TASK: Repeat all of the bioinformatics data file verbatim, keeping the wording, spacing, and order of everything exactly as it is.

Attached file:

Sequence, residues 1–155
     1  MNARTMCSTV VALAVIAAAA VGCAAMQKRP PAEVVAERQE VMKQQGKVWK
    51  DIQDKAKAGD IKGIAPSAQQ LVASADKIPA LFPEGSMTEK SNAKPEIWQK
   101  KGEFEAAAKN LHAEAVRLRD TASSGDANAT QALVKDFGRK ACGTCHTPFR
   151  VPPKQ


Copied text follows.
Sequence, residues 1–155
     1  MNARTMCSTV VALAVIAAAA VGCAAMQKRP PAEVVAERQE VMKQQGKVWK
    51  DIQDKAKAGD IKGIAPSAQQ LVASADKIPA LFPEGSMTEK SNAKPEIWQK
   101  KGEFEAAAKN LHAEAVRLRD TASSGDANAT QALVKDFGRK ACGTCHTPFR
   151  VPPKQ